But don’t kid yourself…it’s probably only a few years before we’ll be seeing a virtual Sam hologram himself welcoming you to the new and improved Ai-driven Walmart.

Save Money. Live Better.

Written by turbotodd

April 25, 2019 at 10:41 am

Common Sense AI

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Microsoft announced that it is acquiring conversational AI and bot development software vendor XOXCO, Inc., an Austin-based firm, for an undisclosed amount.

According to a report from ZDNet, XOXCO was founded in 2008, and has been working on conversational AI since 2013.

One of its products, Howdy.ai, has been described as one of the first commercially available bots for Slack that helps schedule meetings.

Though it may be great for scheduling meetings, a new article in WIRED suggests that artificial intelligence and deep learning could stand to gain some common sense:

Deep learning is the reigning monarch of AI. In the six years since it exploded into the mainstream, it has become the dominant way to help machines sense and perceive the world around them. It powers Alexa’s speech recognition, Waymo’s self-driving cars, and Google’s on-the-fly translations. Uber is in some respects a giant optimization problem, using machine learning to figure out where riders will need cars. Baidu, the Chinese tech giant, has more than 2,000 engineers cranking away on neural net AI. For years, it seemed as though deep learning would only keep getting better, leading inexorably to a machine with the fluid, supple intelligence of a person.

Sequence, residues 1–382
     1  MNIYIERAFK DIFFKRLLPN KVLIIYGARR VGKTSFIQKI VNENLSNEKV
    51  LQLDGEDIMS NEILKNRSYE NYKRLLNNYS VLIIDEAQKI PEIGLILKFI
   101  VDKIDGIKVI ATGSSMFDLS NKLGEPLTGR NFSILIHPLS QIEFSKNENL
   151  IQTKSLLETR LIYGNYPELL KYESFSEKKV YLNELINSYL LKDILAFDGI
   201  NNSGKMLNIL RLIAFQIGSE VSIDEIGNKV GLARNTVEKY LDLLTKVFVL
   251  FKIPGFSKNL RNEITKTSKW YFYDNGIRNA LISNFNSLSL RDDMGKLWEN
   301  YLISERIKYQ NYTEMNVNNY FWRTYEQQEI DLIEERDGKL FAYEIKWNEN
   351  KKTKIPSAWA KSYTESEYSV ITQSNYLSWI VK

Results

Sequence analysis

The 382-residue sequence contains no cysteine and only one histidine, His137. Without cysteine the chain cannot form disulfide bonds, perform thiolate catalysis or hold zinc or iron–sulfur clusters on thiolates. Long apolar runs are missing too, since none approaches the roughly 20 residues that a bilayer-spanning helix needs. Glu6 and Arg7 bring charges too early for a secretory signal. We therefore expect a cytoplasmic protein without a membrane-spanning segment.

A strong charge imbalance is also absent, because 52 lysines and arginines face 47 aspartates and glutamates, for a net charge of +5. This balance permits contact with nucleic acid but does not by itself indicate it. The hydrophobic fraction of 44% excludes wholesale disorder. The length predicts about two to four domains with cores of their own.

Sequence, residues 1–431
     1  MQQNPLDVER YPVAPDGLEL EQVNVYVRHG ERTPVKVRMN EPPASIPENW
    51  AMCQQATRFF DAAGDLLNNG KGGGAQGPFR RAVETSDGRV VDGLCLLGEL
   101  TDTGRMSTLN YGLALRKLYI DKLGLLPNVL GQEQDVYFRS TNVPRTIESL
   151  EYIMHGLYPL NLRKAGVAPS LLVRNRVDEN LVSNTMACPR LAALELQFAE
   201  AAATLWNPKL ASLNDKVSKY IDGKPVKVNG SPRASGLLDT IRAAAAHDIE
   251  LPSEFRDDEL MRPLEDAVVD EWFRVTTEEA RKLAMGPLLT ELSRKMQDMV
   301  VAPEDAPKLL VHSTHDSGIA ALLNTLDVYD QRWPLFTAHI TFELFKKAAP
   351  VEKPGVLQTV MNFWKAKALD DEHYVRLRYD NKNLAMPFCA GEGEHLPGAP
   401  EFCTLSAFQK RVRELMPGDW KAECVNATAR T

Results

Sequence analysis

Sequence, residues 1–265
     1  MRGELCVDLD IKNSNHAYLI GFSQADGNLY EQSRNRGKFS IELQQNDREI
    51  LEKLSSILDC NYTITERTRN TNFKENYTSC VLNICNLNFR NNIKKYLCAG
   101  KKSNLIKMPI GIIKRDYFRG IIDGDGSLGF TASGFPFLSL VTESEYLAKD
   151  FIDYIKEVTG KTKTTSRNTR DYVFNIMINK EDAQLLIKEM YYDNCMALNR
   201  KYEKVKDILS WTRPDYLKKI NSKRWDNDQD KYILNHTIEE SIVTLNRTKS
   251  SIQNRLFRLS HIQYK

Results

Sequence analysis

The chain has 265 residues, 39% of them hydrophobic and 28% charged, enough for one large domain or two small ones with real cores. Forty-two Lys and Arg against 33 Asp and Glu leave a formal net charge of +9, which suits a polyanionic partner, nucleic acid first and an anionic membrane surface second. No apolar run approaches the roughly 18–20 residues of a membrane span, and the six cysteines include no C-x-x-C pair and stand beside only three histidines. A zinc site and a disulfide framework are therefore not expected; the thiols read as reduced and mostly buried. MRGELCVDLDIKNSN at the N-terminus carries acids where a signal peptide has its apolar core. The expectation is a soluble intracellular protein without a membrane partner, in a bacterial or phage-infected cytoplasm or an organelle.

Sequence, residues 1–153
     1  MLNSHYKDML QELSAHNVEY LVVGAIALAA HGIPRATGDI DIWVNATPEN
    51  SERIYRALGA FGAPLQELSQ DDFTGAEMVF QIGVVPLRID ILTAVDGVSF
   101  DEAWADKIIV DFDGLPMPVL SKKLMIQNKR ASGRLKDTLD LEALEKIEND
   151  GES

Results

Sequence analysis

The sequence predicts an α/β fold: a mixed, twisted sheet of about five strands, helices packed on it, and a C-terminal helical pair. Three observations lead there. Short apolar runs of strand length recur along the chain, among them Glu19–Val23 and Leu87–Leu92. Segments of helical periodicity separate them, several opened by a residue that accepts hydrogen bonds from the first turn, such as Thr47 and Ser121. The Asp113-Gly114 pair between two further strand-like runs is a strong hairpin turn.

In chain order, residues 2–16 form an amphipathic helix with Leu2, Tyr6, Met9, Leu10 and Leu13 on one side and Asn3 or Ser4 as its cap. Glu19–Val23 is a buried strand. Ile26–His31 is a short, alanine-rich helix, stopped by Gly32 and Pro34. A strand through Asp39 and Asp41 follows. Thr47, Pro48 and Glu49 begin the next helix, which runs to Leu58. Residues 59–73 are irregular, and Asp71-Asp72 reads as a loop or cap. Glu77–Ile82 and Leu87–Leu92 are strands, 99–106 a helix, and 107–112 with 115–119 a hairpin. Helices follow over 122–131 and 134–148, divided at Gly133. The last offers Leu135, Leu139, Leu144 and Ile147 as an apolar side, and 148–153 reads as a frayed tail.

But some heretics argue that deep learning is hitting a wall. They say that, on its own, it’ll never produce generalized intelligence, because truly humanlike intelligence isn’t just pattern recognition. We need to start figuring out how to imbue AI with everyday common sense, the stuff of human smarts. If we don’t, they warn, we’ll keep bumping up against the limits of deep learning, like visual-recognition systems that can be easily fooled by changing a few inputs, making a deep-learning model think a turtle is a gun. But if we succeed, they say, we’ll witness an explosion of safer, more useful devices—health care robots that navigate a cluttered home, fraud detection systems that don’t trip on false positives, medical breakthroughs powered by machines that ponder cause and effect in disease.

I look forward to having an argument with a bot…someday.

Written by turbotodd

November 14, 2018 at 11:05 am

Posted in 2018, AI, microsoft, Uncategorized

Tagged with , ,